Best way to constrain actor within boundaries

butterbeanbutterbean Member, PRO Posts: 4,315
edited November -1 in Working with GS (Mac)
What's the best way to constrain the player within the boundaries of the width of the level?

Constrain attribute or create an invisible wall?


  • KamazarKamazar Member Posts: 287
    It depends on the game. Personally, I like the invisible walls more because it allows the player's actor to kinda bounce off instead of just stopping. Feels more natural, and in some cases, can be used as a gameplay element. But I suppose in a more traditional platformer, contraining attributes would be more elegant.
  • harrioharrio Member Posts: 234
    what's cookin,

    kamazar is right in saying it depends on the game and the style you want to portray.

    also, there is a third way to contain actors. by simple math with your controllers.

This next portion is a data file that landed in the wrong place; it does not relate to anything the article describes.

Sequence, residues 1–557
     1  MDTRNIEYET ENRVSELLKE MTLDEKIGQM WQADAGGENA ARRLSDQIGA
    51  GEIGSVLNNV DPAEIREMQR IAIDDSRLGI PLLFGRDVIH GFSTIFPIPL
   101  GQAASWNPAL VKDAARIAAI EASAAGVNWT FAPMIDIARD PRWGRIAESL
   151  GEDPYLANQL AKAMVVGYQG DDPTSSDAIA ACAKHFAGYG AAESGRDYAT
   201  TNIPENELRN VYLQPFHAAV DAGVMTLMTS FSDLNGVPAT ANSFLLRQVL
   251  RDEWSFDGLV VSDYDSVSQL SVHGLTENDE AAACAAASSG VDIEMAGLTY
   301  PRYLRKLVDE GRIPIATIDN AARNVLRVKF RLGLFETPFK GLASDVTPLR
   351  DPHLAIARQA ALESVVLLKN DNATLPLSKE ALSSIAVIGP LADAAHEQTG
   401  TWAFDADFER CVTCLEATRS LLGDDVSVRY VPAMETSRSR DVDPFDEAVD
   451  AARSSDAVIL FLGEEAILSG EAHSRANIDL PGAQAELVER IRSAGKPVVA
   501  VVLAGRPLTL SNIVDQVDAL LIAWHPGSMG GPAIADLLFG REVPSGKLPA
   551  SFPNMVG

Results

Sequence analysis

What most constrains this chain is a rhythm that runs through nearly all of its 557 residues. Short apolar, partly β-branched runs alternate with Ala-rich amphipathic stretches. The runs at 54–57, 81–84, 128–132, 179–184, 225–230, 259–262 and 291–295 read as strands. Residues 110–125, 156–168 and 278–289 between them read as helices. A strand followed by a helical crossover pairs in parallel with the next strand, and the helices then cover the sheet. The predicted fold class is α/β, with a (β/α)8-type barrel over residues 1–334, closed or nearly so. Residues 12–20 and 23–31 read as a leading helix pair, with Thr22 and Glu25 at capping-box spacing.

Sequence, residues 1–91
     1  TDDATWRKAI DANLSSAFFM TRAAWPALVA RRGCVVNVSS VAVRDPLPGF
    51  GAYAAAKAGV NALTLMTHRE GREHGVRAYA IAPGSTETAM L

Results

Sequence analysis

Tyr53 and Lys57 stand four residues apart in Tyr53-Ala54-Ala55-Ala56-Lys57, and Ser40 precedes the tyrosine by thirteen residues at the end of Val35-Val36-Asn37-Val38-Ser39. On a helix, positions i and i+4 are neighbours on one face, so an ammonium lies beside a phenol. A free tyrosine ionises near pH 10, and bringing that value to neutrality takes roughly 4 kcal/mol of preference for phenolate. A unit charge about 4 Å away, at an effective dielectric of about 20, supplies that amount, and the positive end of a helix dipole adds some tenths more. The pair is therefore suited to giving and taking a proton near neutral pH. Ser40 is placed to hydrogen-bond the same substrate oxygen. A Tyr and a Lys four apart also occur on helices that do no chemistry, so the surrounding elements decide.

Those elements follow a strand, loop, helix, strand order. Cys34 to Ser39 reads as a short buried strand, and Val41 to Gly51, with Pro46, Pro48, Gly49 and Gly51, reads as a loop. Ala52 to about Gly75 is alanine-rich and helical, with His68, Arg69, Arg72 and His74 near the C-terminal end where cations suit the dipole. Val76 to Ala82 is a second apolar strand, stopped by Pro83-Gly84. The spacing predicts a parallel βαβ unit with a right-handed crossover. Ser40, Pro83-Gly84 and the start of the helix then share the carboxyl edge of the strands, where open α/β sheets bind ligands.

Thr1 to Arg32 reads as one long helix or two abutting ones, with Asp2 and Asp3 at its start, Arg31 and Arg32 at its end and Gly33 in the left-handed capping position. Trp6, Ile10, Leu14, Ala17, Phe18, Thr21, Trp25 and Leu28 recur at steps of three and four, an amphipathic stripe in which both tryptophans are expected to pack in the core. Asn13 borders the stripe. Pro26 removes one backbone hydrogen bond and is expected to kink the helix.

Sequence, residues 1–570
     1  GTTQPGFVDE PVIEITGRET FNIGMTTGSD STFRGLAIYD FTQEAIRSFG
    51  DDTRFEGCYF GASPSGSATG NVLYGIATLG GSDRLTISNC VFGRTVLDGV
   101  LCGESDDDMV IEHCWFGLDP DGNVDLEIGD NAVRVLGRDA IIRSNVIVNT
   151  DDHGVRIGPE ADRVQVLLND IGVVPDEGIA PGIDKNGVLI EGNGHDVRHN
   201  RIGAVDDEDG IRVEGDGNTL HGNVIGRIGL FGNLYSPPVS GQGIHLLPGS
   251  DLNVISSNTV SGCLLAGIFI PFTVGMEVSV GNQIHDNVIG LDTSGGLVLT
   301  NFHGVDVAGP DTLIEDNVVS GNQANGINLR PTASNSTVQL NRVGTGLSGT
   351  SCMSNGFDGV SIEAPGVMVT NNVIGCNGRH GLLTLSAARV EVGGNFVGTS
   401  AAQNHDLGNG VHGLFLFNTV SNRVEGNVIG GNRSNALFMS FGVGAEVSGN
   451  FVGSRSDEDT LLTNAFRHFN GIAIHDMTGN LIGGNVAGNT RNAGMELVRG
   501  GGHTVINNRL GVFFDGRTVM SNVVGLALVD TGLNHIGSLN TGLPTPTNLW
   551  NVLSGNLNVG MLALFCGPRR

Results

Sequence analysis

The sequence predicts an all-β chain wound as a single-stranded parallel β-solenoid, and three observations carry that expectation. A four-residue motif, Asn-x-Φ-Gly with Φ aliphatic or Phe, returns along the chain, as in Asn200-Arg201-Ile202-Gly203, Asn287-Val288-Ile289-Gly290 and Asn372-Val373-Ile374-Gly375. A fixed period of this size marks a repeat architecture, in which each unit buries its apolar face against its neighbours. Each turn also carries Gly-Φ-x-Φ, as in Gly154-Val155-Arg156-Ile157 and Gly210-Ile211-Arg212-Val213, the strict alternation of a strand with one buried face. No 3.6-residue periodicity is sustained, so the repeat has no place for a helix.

for example, i'm working on a space invaders clone in which i don't use invisible walls or constrain attributes. i simply use variables that represent my barriers like...left border, right border etc. then i have the movement controllers ignore key commands or perform certain functions when the actor positions equal these variables.

    one reason i did this is apparent in the invader demo that codemonkey made. it lets you move the player left and right to the far screen borders, but when you hit a border and continue laying on the movement key, you can see the player icon reacting to the physics of trying to push through the border. the actor kind of jitters and vibrates as it's trying to continue moving through an invisible obstacle.

    well, i wanted old school movement where, when you hit the limit of either side, you just stop dead and smoothly. no jitter, even as you hold the key. by using math, you accomplish this with no physical borders needed.

    but again, it depends on the style of game. if you're a retro-blaster shooting aliens, you want to stop dead at the edges. if you are a stock car racer, or a tank you may want that physics type 'grinding' feel, as an illusion of realism. it all depends.

    hope this helped...
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